Obama to meet Palestinian leader amid UN crisis

UNITED NATIONS (Reuters) – US President Barack Obama will meet Palestinian President Mahmoud Abbas today to urge him to drop plans to ask the UN Security Council to recognize a Palestinian state despite US and Israeli objections.

The White House said Obama will meet Abbas at 6 pm (2200 GMT) on the sidelines of this week’s UN General Assembly session in New York. Obama is also due to meet Israeli Prime Minister Benjamin Netanyahu earlier today.
“With both the Israelis and the Palestinians the president will be able to say very directly why we believe action at the United Nations is not the way … to achieve a (Palestinian) state,” Deputy National Security Adviser Ben Rhodes told reporters.

Abbas has promised to present UN Secretary General Ban Ki-moon with a membership application on Friday, setting the stage for a Security Council vote that the United States, one of five veto-wielding permanent members, says it will block.

The Obama administration and Israel both say that only direct peace talks can lead to peace with the Palestinians, who in turn say almost two decades of fruitless negotiation has left them no choice but to turn to the United Nations.
The drama over the Palestinian UN bid is playing out as Palestinian, Israeli and US leaders all grapple with the fallout from Arab uprisings that are raising new political tensions across the Middle East.

Palestinian Foreign Minister Riyad al-Malki said he thought at least nine of the 15 members of the Security Council would back the Palestinian bid and urged the United States to get out of the way.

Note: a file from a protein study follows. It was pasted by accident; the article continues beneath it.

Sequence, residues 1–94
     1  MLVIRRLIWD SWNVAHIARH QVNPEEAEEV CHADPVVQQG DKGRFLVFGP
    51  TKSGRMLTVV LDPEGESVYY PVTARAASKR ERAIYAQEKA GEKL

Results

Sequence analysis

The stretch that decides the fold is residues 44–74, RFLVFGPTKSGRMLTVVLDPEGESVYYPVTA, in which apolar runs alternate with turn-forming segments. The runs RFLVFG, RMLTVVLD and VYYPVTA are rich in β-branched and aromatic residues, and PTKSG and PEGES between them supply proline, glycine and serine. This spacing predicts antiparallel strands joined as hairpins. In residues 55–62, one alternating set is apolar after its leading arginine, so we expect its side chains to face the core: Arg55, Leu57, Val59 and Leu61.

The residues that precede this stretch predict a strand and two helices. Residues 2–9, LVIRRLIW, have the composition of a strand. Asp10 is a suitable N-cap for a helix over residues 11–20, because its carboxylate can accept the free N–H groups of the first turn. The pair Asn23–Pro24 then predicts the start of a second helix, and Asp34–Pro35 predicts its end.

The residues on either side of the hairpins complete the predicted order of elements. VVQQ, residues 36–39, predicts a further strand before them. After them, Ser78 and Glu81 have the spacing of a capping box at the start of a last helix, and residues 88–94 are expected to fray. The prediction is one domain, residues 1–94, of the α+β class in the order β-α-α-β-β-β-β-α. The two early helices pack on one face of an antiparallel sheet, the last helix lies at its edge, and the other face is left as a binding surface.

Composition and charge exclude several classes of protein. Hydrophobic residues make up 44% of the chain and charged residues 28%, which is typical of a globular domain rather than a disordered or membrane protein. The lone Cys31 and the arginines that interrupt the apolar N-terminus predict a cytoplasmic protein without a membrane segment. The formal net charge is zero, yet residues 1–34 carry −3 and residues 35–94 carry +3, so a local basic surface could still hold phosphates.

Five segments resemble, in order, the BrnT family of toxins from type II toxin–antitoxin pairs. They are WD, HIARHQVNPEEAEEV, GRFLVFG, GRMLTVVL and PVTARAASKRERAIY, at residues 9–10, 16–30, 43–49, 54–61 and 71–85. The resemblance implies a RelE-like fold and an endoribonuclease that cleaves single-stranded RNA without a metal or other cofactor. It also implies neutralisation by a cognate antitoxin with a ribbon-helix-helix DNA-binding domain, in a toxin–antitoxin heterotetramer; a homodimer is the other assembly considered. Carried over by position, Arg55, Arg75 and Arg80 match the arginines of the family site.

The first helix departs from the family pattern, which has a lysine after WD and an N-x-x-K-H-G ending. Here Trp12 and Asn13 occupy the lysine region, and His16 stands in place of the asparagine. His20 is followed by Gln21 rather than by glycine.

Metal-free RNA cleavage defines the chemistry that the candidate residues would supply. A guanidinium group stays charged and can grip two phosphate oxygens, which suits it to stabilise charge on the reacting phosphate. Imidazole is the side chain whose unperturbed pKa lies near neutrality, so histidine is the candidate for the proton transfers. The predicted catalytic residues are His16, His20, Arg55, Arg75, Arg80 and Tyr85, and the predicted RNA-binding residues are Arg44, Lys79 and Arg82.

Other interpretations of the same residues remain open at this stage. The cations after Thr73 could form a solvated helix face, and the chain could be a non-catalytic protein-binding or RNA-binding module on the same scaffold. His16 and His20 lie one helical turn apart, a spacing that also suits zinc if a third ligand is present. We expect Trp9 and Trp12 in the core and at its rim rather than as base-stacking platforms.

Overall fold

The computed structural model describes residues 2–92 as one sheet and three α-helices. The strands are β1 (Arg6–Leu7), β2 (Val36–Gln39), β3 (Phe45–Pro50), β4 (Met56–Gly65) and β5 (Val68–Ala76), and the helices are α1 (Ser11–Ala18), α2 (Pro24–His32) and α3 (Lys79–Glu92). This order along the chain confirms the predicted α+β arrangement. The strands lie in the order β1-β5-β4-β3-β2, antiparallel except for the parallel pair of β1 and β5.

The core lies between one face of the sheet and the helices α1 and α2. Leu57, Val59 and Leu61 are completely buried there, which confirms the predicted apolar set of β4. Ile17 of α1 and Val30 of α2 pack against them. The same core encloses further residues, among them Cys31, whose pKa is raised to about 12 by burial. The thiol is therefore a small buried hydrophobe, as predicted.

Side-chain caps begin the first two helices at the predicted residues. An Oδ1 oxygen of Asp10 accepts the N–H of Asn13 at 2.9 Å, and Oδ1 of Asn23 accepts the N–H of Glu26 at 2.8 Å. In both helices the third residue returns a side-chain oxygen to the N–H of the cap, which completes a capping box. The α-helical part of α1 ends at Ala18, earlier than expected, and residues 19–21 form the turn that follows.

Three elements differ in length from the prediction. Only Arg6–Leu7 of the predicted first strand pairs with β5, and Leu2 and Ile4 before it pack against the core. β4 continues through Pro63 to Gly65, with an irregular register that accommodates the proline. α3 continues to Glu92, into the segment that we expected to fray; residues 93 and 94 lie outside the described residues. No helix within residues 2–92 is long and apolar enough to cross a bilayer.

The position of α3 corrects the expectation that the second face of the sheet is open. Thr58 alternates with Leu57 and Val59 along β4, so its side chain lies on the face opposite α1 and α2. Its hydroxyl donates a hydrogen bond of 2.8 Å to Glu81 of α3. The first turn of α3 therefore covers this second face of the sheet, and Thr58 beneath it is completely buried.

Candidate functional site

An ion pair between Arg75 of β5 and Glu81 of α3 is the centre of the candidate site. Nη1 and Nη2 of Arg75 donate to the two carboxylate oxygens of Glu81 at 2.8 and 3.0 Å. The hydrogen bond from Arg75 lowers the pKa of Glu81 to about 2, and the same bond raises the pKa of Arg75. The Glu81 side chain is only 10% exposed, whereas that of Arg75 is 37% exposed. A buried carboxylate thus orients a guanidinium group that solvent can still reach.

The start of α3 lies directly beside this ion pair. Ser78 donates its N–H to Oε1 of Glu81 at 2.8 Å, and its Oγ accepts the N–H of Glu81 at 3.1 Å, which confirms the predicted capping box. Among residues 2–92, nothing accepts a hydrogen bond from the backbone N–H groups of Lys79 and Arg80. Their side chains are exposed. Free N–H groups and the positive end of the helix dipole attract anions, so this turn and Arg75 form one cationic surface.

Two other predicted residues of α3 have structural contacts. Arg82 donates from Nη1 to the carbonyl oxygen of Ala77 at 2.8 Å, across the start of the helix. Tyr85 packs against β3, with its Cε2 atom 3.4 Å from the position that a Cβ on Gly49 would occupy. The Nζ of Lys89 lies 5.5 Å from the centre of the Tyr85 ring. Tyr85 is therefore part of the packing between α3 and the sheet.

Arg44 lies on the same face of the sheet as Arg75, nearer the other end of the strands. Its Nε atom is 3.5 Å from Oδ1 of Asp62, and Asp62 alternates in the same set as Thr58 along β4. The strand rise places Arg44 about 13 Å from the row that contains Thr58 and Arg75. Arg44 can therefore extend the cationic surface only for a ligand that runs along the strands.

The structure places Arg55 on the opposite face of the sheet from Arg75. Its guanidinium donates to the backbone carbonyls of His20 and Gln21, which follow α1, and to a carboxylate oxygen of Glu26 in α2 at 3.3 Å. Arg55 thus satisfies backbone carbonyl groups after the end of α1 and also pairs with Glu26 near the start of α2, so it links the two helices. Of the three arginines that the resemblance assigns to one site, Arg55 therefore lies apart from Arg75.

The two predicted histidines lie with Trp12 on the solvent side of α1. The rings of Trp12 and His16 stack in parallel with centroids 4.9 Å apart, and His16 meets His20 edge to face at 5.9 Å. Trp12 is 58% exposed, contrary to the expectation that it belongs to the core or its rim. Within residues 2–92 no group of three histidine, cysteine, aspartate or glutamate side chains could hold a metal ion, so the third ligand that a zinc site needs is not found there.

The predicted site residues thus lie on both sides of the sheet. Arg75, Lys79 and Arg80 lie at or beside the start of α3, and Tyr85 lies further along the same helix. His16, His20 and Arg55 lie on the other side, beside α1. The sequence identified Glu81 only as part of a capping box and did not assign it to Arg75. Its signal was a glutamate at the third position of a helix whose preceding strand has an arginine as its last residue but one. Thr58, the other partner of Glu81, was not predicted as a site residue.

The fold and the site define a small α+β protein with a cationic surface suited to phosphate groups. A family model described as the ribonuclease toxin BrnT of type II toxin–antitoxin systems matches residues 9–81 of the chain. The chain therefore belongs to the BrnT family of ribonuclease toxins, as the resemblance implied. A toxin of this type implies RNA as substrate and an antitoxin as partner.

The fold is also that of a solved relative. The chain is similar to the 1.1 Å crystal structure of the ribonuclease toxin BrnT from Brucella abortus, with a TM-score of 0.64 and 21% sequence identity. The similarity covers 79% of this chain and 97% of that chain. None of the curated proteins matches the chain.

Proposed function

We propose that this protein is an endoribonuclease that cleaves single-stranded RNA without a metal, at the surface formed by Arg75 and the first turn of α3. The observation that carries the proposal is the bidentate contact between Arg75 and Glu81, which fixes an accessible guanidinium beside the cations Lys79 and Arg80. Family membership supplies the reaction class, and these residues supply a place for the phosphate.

“We’re working towards it and I think we’ll manage it,” Malki told reporters. “We hope the United States will revise its position and be on the side of the majority of nations or countries who want to support the Palestinian right to have self determination and independence.”

A US veto in the Security Council would still block approval even if most other members agree — something that is far from certain.

But securing the nine votes necessary to claim a Security Council majority would allow the Palestinians to highlight the US veto as an obstacle, increasing the diplomatic risks for Washington.

It would also raise pressure on Israel, which despite its offer of direct peace talks has not made any of the concessions that the Palestinians say would make such talks possible. Senior diplomats from the United States, Russia, the European Union and the United Nations — the Quartet of Middle East mediators — are meeting throughout the week but with little sign thus far of a breakthrough.

The Quartet has been trying to put together guidelines for future peace talks for months, so far without result. British Foreign Secretary William Hague acknowledged there had been no progress.

Even if the Palestinians file their Security Council application on Friday, an immediate vote is unlikely. This may allow more time for diplomacy aimed at restarting peace talks, said French Foreign Minister Alain Juppe.

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